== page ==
Condé Nast’s LGBT site at the end of May them.us has gone to great lengths to distance the emerging viral scourge known as monkeypox from the key demographic of gays who catch it.
“Monkey Pox Virus Affects Queer Men, But Has Nothing to Do With Being Queer,” said the article, “where the majority of cases are [the] The current global epidemic identifies gay or bisexual men … with no connection between identity and disease.
“It is not good for public health to condemn the gay community or gay behavior,” it concluded.
Last week, the World Health Organization declared monkeypox a full-scale global emergency, as the disease spread rapidly in just three months. By the end of May, 100 people had contracted the virus; According to the CDC, there are now more than 18,000 cases worldwide, with about 4,000 in the US alone. New York State is also calling monkeypox an “imminent threat.”
That’s right, gay people are not “responsible” for the outbreak of monkeypox. Like HIV or COVID-19, viruses do not target specific communities. But almost all of the early cases of monkeypox occurred at large-scale “territorial parties” in Europe, which were mostly attended by gay men. It’s not a stigma – it’s just a fact.
Also fact: Close physical contact was not the primary mode of transmission. Monkeypox is spread through skin-to-skin contact—the type of close physical contact that occurs at parties where groups of half-dressed men dance in close quarters. (Surprisingly, district parties were also early cases of the spread of COVID).
The reluctance of the “woke” media and nervous health authorities to make this link public is a shame. Their political correctness helped spread the disease.
Although most of the May cases were related to gay men’s social spaces, most media outlets not only refused to acknowledge this, they said it encouraged discrimination.
“Charities warn against stigmatizing gay and bisexual groups,” announced The Independent. “Could monkeypox bring about a new wave of homophobia,” Slate wondered. “Blaming gay men for monkeypox will hurt everyone,” predicted Science America.
Even the UN has weighed in on the monkeypox blame game, saying in a May 22 release that the Joint United Nations Program on HIV/AIDS (UNAIDS) was concerned that “reports and comments in some media are reinforcing homophobic and racist stereotypes.”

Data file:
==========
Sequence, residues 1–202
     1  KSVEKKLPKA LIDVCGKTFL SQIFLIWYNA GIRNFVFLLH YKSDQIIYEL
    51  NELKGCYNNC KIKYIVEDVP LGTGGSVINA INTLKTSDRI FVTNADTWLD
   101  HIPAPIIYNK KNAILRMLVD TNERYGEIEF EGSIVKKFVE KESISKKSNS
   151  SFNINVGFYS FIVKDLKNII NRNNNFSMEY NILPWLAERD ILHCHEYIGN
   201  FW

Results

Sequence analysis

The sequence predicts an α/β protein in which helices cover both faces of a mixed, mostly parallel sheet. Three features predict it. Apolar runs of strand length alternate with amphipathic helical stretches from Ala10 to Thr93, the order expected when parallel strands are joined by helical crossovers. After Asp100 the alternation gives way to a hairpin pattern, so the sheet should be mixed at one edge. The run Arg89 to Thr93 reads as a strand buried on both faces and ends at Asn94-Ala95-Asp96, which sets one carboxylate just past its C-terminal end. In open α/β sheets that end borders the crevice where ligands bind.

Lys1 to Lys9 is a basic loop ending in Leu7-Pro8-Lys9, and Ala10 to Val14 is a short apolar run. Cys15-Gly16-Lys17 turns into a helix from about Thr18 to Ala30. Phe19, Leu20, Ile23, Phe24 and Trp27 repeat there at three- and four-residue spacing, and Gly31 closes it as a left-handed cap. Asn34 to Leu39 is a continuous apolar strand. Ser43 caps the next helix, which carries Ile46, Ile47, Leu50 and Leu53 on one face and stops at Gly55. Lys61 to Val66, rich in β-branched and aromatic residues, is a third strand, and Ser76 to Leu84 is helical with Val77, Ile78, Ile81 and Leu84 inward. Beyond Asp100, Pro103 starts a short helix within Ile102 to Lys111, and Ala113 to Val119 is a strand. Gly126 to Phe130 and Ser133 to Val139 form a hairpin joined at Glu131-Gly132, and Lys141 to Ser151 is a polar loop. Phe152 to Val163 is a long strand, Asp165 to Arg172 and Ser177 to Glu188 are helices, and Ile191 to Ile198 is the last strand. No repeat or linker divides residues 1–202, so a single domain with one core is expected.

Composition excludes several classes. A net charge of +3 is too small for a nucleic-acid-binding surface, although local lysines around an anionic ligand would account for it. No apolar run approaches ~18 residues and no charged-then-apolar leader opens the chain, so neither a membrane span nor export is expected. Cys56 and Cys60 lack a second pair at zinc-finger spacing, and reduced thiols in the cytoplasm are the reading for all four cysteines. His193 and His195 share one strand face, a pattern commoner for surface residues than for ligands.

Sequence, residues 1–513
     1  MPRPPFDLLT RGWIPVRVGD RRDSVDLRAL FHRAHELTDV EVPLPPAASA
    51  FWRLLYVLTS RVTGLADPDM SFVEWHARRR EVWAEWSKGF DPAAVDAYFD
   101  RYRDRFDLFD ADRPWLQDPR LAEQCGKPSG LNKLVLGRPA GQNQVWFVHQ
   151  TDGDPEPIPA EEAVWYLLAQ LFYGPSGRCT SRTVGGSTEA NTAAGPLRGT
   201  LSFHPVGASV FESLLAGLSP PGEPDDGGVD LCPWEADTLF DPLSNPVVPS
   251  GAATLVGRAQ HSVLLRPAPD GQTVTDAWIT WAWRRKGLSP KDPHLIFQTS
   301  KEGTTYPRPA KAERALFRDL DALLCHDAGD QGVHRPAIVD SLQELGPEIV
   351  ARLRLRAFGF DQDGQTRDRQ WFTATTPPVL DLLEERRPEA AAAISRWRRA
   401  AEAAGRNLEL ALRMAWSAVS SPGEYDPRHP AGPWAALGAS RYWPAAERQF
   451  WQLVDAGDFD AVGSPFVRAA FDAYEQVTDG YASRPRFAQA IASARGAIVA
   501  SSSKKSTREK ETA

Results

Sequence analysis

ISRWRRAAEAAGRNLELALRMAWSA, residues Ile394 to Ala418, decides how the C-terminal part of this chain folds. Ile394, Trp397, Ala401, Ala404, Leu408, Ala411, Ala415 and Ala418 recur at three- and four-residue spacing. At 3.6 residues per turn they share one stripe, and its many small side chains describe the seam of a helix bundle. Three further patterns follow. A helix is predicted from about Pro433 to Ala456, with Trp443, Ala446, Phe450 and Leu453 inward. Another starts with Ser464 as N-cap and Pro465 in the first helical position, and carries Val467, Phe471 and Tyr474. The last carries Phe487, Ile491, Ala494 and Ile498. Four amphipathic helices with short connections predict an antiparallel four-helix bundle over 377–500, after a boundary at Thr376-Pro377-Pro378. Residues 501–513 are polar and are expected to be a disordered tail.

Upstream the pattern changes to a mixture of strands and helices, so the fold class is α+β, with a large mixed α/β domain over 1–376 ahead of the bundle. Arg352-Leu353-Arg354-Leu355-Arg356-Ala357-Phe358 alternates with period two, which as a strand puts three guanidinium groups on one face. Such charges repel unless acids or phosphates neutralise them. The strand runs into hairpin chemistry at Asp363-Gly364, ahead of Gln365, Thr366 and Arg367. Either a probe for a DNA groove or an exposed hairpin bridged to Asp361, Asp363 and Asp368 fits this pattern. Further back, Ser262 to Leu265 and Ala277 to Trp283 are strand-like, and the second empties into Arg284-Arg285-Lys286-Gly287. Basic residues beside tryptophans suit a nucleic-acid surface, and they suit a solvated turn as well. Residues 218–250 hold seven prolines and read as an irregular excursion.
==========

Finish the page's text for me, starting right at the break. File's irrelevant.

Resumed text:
Few things are more predictable than progressives blaming racism and homophobia for social ills, but the monkeypox outbreak takes it to a whole new level. As with other “woke” obsessions like gun violence or the transgender debate, the insistence on putting politics ahead of data and science has produced confused messages and very few solutions.
Now, the irony is that LGBT leaders are singing a different tune. With hundreds of cases in New York City and other metropolitan areas, nearly all of which have been identified in gay men, monkeypox has suddenly become a “queer” disease, with community leaders blasting local health departments for failing to adequately address the LGBT community. “Public Health Disorder” California State Senator. Scott Wiener and Assemblyman Matt Haney described the federal government’s response this month.
A shortage of monkeypox vaccines — along with widespread vaccination coverage in the U.S. — has been blamed on “homophobia” and “collective indifference,” according to a Los Angeles Times headline last week. The disease often affects the LGBTQ community.
As a gay man of a certain age, this sounds all too familiar. Nearly four decades ago, in the early days of the AIDS epidemic, doctors and LGBT community leaders urged gay men to practice safer sex after it became clear that Larry Kramer had sexually transmitted HIV to gay men. Some did, but others refused, citing the shame and stigma that came with being singled out as a minority population. Although thousands died, the US government waited too long to sound the alarm, and the reluctance of some gay men to accept the fact that the virus was spreading allowed the plague to grow faster.
Although monkeypox is not usually fatal (it causes a nasty rash and fever), it has so much in common with AIDS: political correctness may have accelerated its status as a global health emergency. When an infectious disease emerges, people deserve to know the facts: how does it spread and who is most likely to be affected? Avoiding the truth helps no one.